Well, I think it’s good to try both. I think that if you feel inspired to reinvent a song, then you should do that, but I also think it can be interesting when you’re really faithful to the original. It can be pointless and boring, but it also can be interesting. I like something like Weezer’s cover of “Africa.” It’s very, very close to the original, and you wonder like, “What’s the point?” But it’s also kind of interesting when it’s not exactly a copy, because, you know, Rivers has a different voice, so you get the different timbre of his voice singing it, and his phrasing, but it’s very close to the original. It’s kind of interesting if you’re the artist, because it’s a challenge to try to mimic things, but I don’t know if it’s always interesting for the listener when you’re doing a very faithful cover. I don’t have the energy to do things really faithfully to the original. It’s just too much work. I’d rather do my own thing, just because it’s easier to follow my own instincts than it is to try to copy something else that’s already been done. 

A source of frustration for Police fans is when unthinking listeners sing, “Every Breath You Take / Every move you make,” and think, “This song is so sweet!” when “Every Breath You Take” is actually a song about an obsessed stalker written by Sting after parting ways with his first wife. Have you ever experienced this oversight and, if so, how did you react? 

Yeah, I think people have misunderstood my music, or just not really listened hard enough. I can’t really think of anything in particular. There will always be lazy listeners or lazy critics who will say, “Oh, this is a nice love song,” when it’s not that at all. It’s actually a messy, (laughs), hate song. I’m surprised by how much people miss sometimes when they listen to my music, but at this point, it doesn’t really bother me anymore, because I know that there are listeners out there who are really getting it. 

Though the new songs vary wildly in the styles that you dip into, they come across overall as more punk and angsty than the originals, in a decidedly feminine way. Did you set out with this aesthetic in mind, or did it come about naturally?

Well, I’m a female punk so I guess that makes sense. I consider myself a punk. I really was winging it in the studio. I knew the songs I wanted to do, and I had a vague idea of what I would do on certain tunes, but some of them I didn’t really know until I got to the studio. So yeah, winging it, just going song by song, and relying on the force. When I went in with the drummer to play “Murder By Numbers,” it was like five minutes before we set up that I decided to do it fast and punky. 

Would you agree there is a lot of rawness to this album?

Rawness, yeah, definitely. Yeah, I underestimate my own rawness sometimes. In my mind, I’m like — I don’t know — a mainstream, super pop artist, but I know that that’s not really what I am (laughs). My aesthetic is pretty raw and sloppy, and my delusion is that everyone will hear it, and it will make sense, but I know that it probably comes across as pretty gnarly sometimes. It’s unpolished, but that’s really what I love. I love unpolished but super catchy music. That’s what I like about the Police. In the beginning, they were very raw, but it was also really catchy, and that, to me, is a really great combination.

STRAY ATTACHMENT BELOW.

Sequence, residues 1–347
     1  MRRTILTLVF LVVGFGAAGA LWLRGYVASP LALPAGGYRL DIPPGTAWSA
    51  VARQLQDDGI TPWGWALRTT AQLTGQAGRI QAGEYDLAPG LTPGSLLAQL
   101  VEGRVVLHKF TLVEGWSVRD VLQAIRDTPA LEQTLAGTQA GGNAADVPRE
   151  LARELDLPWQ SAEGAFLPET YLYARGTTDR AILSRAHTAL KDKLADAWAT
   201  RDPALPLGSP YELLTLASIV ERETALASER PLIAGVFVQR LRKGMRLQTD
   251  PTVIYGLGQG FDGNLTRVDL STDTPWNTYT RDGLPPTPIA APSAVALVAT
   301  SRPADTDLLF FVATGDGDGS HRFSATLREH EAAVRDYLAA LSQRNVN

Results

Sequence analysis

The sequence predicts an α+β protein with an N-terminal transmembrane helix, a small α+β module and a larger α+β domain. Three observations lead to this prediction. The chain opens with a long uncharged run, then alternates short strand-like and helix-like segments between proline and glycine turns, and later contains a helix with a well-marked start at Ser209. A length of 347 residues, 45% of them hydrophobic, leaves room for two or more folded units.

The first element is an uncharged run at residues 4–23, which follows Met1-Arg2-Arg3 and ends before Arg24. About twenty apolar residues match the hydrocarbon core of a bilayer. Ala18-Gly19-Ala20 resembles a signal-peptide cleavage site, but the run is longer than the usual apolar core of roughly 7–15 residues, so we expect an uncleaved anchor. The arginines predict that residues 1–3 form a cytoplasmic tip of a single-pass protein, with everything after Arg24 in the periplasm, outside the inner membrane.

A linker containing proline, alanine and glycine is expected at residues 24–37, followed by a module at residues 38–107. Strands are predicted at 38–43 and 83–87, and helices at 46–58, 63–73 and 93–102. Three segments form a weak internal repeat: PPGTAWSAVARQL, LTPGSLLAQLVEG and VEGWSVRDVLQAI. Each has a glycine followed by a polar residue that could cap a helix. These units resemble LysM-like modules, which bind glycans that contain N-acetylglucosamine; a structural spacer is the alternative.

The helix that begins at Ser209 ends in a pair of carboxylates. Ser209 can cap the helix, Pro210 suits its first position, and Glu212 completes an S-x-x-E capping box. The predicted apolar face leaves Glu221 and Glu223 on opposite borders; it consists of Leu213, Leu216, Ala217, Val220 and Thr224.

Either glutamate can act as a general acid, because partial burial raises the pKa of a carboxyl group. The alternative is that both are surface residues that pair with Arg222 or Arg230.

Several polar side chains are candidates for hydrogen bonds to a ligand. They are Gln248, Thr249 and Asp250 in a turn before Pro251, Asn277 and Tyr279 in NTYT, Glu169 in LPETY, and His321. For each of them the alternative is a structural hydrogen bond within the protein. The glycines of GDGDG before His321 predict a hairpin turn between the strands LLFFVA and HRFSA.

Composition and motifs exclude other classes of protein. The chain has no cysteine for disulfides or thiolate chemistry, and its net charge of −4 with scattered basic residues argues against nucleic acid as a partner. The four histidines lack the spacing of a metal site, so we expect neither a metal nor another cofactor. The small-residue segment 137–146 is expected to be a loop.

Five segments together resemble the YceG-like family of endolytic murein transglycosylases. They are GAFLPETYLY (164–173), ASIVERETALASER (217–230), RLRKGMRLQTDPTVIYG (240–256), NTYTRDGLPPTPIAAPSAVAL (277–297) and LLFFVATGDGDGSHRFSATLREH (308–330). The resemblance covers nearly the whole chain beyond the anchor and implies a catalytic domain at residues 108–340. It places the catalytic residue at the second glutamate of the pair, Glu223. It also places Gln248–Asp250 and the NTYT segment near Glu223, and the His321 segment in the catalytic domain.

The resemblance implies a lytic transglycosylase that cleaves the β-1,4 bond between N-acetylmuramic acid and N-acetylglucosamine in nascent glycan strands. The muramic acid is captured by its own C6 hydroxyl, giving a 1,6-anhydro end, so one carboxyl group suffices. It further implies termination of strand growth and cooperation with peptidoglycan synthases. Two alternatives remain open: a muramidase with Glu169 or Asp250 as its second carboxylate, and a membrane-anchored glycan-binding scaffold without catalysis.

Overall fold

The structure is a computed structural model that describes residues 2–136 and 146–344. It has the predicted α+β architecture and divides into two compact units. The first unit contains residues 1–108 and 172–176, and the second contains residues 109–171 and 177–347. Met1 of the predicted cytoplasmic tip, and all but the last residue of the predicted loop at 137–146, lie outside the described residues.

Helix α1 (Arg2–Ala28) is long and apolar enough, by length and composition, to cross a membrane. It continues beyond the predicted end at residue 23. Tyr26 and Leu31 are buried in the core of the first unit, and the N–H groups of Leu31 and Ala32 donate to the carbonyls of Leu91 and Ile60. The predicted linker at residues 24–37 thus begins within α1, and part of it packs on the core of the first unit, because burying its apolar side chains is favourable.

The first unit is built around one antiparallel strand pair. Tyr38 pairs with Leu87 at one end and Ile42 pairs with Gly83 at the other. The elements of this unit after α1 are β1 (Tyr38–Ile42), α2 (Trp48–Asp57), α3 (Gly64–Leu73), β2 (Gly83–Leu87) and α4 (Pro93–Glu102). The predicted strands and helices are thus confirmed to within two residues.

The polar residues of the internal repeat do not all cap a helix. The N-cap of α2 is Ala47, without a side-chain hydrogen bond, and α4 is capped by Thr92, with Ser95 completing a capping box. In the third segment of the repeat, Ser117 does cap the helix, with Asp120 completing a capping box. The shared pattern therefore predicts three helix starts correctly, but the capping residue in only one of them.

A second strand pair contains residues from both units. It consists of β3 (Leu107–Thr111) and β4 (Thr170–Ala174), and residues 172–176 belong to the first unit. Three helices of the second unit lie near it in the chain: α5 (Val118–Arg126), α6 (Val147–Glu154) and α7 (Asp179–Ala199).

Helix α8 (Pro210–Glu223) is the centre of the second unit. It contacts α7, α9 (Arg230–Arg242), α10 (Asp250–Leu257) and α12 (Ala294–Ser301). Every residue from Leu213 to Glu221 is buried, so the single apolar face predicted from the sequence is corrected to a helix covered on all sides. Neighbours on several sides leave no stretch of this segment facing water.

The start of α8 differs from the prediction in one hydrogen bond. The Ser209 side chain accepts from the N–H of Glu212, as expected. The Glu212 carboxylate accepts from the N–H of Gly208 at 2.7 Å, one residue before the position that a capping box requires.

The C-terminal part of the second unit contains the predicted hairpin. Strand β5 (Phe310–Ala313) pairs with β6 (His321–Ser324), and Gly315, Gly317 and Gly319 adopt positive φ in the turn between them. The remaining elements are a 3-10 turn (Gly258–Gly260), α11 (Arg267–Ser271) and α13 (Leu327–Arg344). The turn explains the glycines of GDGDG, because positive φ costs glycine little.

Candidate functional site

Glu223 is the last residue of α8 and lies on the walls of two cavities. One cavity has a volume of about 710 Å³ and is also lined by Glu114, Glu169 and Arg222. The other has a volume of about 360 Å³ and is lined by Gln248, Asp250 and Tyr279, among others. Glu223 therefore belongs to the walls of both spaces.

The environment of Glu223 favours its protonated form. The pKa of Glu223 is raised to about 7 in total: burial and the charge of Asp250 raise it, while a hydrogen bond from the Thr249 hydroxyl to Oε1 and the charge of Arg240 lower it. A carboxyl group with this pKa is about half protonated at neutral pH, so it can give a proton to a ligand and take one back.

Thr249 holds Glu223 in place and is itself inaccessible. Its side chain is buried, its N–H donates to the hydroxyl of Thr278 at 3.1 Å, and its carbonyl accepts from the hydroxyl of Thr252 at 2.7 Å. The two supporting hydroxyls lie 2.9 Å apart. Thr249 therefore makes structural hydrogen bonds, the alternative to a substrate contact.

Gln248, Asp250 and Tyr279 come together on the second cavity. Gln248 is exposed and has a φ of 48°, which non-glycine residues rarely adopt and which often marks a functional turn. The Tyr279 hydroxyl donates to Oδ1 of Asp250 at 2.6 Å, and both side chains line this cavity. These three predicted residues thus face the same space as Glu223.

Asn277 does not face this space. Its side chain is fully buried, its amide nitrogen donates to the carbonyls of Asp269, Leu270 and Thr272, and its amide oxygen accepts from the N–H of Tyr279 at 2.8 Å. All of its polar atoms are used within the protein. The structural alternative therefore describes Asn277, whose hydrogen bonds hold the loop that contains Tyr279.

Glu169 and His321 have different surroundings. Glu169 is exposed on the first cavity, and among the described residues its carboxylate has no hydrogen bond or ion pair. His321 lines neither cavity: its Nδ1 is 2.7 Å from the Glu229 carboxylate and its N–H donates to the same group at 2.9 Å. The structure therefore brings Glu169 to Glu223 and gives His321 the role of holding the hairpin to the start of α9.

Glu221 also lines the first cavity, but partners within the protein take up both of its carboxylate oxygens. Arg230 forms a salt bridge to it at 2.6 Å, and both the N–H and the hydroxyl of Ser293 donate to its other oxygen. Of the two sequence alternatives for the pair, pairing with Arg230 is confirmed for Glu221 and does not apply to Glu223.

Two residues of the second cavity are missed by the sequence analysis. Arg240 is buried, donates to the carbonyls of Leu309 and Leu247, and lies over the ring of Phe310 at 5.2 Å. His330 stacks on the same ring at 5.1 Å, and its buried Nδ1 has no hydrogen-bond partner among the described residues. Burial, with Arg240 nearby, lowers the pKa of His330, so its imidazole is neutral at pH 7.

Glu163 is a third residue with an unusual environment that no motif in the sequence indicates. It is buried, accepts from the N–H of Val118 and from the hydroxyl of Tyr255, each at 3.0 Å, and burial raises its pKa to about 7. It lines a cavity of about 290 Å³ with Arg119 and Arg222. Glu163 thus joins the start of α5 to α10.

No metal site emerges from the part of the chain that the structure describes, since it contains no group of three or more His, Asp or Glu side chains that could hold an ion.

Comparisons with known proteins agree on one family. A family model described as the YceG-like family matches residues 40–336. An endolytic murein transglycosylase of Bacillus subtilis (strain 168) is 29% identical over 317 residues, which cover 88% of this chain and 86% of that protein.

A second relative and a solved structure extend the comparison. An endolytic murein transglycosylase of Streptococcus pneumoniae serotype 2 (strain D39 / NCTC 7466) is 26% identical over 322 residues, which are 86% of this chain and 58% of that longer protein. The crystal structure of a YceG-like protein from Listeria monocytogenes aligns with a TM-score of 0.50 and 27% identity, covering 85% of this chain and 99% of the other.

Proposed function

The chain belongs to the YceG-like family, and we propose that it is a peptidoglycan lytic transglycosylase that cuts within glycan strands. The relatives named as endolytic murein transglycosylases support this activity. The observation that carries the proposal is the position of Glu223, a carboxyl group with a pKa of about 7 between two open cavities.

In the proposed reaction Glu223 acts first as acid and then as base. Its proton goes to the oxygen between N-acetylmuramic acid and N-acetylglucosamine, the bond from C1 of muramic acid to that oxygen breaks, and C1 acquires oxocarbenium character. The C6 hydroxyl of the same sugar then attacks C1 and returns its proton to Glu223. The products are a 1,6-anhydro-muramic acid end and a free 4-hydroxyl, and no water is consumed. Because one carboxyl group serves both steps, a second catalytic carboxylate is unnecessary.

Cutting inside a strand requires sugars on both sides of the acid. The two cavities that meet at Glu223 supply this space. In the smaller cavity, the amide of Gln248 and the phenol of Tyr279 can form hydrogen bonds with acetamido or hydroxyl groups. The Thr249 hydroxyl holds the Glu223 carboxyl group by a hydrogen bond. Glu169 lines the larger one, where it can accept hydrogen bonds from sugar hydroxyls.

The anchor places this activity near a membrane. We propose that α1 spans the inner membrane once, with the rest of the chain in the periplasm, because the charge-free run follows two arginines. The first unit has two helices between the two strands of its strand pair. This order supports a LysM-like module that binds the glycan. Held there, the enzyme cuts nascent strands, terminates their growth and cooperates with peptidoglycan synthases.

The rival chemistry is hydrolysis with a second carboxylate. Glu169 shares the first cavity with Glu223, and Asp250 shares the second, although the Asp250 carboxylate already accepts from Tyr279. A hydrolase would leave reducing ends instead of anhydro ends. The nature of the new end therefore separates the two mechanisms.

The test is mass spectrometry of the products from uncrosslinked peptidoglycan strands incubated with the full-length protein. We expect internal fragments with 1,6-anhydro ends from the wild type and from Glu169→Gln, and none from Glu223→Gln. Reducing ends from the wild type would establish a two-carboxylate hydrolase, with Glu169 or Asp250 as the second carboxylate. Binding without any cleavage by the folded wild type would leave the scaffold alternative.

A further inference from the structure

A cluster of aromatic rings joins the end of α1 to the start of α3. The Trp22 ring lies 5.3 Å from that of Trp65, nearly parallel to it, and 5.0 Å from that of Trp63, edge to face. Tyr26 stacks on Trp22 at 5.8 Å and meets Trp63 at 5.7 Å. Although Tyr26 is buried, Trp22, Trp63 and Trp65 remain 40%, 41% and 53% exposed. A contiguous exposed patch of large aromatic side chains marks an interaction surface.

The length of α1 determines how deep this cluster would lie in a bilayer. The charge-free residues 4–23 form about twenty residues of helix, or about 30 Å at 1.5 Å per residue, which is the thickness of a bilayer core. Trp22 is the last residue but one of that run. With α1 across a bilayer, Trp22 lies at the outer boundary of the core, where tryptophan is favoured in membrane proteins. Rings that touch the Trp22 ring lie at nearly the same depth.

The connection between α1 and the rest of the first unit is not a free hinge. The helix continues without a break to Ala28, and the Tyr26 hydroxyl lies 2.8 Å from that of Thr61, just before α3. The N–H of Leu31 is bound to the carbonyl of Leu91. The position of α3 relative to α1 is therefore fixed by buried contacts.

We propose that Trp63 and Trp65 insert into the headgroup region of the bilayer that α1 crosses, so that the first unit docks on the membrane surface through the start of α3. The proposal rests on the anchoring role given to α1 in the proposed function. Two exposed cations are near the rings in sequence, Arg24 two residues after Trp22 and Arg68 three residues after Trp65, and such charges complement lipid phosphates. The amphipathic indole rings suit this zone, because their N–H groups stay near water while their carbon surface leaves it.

Having recorded music for over three decades now, how would you say “Juliana Hatfield Sings the Police” fits into your whole oeuvre, and what might fans expect next?  

Hmm… I think in the past couple of years, I’ve discovered my true calling. I think I’m really a covers artist. I think I play other people’s songs better than I play my own songs. I’ve always had this feeling in the back of my mind that I write good songs, but I maybe don’t perform them right. I feel like I’m not sure that I’m quite hitting the nail on the head with my own stuff. I think maybe I was actually born to sing and play other people’s songs, but I’m just realizing it now, (laughs), and that’s exciting to think about, because there’s all this music out that I can record that’s not my music. I’ll keep writing and recording, but maybe I’ll just do it for myself, and then I’ll give covers to other people. I’m kind of kidding, I guess, but I do feel like I have a knack for doing things with other people’s songs. Sometimes I can really tap into something and figure out a new way to do someone else’s song that makes people hear the song in a new way. 

Have you been toying with any ideas about the next thing you want to cover? 

Well, someone suggested to me Duran Duran, and I thought, “that’s a really interesting idea,” but I think I want to do an American artist next, because I’ve done an Australian and an English band. I think I’ll probably tackle something American next time. I have a couple of ideas, but I haven’t decided yet. I heard a Tom Petty song on the radio today, and that made me think of Tom Petty. He would be a good one, but maybe something a little more obscure next time.

Juliana Hatfield Sings the Police” is available Nov. 15 on Apple Music.